Ughetto’s mother always drove him out then, him and all six of his sisters.  She shooed them down to the beach to search for mussels, or over to the docks to drum up trade for the tavern.  They went running down the twisting streets, laughing, shouting, a horde of ragged girls with Ughetto, the baby, the only boy, struggling to keep up.

He wished his real nonna were here now, or his mamma.  He wished his sisters were here, or he with them, though they ordered him about like a small slave.  Home had been noisy and warm.  Home had felt safe, most of the time.  He didn’t like being alone, didn’t like this place, this Nonna, or Luigi, her slack-lipped son.

They had taken him in Trapani.  Mamma had sent him to the docks, telling him to wait beside the pile of empty crab pots for a woman with a package.  This Nonna had appeared, with her big-shouldered, big-bellied son.  Nonna asked Ughetto’s name, and when he gave it, Luigi picked him up and carried him onto a waiting boat.

Ughetto was the package, it turned out, and though he wailed for his sisters, there was no one to save him.

Now, in this fearsome little casetta, Ughetto wrapped his arms around himself and shivered with fear.  Luigi had already carried two other boys, eyes glazed from the opium, legs flopping limply over his big arms, into the tiled room where the tub was, where the knives waited.  Ughetto crouched in the atrium under Nonna’s watchful eye, listening to the whimpers and moans as the deed was done.  Luigi brought the boys back, swaddled in bloody linen, and carried them through the atrium and on into the tiny house.

Ughetto tried to turn his head away when Nonna held the cup to his lips, but she seized his hair with her brown claw, and twisted his head to face her.  “Cretino,” she hissed.  “Don’t be an idiot.  Drink, or you’ll be screaming.”

He cried, “No!  MammaMamma.”  Hot baby tears burned his eyes.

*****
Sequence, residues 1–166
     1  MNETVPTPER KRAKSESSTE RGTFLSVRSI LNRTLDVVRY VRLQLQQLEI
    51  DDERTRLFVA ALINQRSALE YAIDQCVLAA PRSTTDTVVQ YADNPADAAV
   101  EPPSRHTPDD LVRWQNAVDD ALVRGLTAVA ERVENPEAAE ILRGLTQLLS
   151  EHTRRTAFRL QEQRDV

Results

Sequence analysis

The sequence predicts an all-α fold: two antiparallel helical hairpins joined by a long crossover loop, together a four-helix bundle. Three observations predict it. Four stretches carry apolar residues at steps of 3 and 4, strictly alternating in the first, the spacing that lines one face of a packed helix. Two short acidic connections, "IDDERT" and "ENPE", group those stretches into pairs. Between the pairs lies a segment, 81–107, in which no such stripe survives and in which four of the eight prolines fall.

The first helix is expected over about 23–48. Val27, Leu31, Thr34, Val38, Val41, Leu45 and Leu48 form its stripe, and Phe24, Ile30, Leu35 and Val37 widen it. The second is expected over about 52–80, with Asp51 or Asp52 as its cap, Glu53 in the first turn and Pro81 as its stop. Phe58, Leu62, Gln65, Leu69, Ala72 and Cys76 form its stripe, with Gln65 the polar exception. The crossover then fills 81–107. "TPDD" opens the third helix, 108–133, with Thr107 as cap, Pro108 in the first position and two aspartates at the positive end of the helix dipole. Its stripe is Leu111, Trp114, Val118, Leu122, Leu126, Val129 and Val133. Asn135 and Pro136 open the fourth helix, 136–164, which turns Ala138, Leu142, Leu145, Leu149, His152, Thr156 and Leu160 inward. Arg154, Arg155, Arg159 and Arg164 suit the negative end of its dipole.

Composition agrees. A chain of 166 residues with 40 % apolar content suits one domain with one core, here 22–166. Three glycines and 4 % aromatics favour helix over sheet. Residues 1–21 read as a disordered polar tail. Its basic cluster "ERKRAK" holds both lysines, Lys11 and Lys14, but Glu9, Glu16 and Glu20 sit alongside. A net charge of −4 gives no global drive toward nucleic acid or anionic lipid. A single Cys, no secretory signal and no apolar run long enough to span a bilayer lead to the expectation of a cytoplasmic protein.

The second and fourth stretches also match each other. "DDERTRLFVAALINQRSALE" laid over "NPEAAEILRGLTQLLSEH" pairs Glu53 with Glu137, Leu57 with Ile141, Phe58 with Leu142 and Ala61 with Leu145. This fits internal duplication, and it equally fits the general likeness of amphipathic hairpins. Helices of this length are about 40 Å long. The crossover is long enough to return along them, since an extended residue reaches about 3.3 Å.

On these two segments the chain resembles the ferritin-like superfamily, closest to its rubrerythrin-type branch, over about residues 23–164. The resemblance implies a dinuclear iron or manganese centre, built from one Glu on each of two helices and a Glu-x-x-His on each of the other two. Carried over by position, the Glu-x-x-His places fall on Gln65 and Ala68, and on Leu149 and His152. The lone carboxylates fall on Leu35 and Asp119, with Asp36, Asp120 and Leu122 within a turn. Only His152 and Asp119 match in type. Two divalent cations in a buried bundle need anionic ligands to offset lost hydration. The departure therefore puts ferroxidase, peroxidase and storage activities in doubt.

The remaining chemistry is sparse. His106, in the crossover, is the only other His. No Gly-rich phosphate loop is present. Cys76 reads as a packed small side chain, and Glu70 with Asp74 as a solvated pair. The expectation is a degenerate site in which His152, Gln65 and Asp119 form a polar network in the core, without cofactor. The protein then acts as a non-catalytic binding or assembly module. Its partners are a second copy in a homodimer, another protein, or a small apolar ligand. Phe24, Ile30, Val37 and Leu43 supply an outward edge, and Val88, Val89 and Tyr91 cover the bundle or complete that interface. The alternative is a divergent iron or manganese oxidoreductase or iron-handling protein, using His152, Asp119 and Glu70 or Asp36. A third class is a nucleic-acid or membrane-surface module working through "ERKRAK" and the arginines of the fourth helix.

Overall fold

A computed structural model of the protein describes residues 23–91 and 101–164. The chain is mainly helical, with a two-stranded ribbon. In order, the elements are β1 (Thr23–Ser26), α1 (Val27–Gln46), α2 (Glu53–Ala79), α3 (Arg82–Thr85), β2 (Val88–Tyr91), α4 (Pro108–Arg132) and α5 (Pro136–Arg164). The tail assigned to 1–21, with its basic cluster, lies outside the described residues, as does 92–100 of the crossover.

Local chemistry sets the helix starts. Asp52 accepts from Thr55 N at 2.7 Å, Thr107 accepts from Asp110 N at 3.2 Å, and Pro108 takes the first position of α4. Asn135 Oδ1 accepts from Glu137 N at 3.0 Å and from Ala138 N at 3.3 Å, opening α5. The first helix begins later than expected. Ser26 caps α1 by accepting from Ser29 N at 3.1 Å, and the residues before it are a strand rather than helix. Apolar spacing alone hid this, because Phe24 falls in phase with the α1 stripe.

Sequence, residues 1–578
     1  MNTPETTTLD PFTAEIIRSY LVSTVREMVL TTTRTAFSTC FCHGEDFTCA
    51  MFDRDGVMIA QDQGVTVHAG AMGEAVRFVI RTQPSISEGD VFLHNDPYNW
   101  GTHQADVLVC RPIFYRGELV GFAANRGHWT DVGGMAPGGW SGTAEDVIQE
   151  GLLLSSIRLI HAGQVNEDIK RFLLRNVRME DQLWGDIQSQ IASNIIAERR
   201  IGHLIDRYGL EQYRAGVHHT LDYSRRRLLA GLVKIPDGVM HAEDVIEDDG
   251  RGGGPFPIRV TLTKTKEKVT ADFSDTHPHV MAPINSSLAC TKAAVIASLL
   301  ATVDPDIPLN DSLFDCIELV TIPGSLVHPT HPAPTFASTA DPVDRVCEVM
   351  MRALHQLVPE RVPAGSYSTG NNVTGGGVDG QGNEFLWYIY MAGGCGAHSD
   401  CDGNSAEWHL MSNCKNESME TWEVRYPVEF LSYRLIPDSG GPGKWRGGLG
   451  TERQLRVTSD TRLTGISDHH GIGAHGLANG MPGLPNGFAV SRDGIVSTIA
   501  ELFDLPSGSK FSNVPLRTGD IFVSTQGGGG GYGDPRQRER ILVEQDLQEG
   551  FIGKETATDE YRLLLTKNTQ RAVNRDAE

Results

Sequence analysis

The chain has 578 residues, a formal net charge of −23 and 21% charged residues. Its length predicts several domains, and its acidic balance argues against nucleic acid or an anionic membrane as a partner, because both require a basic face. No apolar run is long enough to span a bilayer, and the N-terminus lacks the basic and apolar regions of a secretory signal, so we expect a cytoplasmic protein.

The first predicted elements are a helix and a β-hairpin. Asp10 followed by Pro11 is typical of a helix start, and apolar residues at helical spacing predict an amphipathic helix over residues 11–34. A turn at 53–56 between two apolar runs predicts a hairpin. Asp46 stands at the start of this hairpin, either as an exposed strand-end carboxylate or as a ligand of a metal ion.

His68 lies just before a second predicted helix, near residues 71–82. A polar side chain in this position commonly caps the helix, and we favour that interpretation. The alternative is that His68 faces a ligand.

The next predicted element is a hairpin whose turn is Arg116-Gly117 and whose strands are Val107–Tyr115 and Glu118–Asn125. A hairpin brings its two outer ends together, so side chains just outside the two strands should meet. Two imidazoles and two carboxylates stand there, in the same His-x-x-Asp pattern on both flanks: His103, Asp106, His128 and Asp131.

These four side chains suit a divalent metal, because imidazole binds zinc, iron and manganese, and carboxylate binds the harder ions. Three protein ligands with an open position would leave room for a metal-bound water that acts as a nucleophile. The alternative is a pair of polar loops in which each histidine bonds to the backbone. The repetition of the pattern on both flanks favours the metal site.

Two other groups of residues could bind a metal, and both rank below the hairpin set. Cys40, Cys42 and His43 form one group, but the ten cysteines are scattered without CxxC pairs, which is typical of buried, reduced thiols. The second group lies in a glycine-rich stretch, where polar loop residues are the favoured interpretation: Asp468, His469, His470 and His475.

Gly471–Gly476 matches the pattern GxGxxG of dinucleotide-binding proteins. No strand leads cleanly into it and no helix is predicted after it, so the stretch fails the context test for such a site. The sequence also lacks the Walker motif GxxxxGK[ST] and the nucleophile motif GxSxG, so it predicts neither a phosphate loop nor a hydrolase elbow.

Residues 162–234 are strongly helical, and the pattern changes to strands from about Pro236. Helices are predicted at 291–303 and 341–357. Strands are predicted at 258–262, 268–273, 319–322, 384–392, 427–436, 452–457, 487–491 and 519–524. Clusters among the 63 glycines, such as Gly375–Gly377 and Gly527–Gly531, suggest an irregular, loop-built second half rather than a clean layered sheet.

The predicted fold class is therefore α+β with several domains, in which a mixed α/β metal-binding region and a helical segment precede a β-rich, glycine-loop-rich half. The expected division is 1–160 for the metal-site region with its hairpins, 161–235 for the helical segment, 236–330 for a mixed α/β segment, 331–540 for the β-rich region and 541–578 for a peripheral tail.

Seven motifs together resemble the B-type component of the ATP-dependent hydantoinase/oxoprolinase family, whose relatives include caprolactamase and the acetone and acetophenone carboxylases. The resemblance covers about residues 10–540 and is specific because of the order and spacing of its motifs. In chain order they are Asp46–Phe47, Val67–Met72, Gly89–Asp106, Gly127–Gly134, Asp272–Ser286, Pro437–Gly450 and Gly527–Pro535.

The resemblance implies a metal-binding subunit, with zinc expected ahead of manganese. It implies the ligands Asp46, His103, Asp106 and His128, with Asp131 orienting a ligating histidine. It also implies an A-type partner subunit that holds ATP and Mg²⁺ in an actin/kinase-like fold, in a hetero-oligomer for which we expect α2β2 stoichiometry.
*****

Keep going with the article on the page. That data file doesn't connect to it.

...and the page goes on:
Nonna showed her jumbled teeth.  “No more mamma, little one.   Musica.”

She pressed the cup against his mouth, forcing his lips open with its metal rim.  The sweet strong wine flooded his tongue, and he had to swallow, or drown.  He closed his eyes, and gulped pungent sweetness.  The room began to dissolve around him.  He spun, stomach and brain and feet all mixed up, like diving too deep from the rocks into the warm Mediterranean waters of Trapani and not knowing which way to swim to the surface.

Nonna tipped up the cup again, and he drank, drank until it was dry.

She spoke.  Ughetto heard her voice, but her words made no sense.  He tried to open his eyes, but the lids would not obey him.

Perhaps he would die.  Boys did, hundreds of them.  Everyone knew that.  They died under the knife, or they died afterward, bleeding and swollen, burning with fever.  Would his mamma know if he died?  Would they tell her?

Would she care?

It was possible she would not.  She had regarded him so strangely, ever since that night when the family–all six girls, Ughetto, his nonna, and Mamma–had gone down to the docks in the darkness to wait for the squid boats to come in.  Far out on the water, the fisherman shone their torches over the water to entice the squid to the jigs.  The lights danced on the waves, shifting as the water tossed the boats to and fro.

When the moon rose over the sea, Ughetto’s sisters exclaimed at its brilliance.  They turned, all of them, and lifted their faces into its silver glow.  It was full and round, and its crystalline light turned the low roofs and rough-cobbled streets of Trapani into a scene of magic, a fantasy village, its dirt and poverty transformed by the moon.

Ughetto was seven years old, already wriggling with energy and pleasure at the novelty of the night.  When a strange sensation came over him, standing there in the moonlight, it seemed part of the strangeness.  He felt as if he were becoming someone else, someone new and powerful instead of small and insignificant.  His skin itched, and his jaw ached.  When he began to scratch at himself, his mamma slapped at his hands.  He tried to hold still, but he felt as if he were burning, as if he had rolled in too-hot sand.  He scrubbed at his belly with both hands, grunting at the fierceness of the sensation.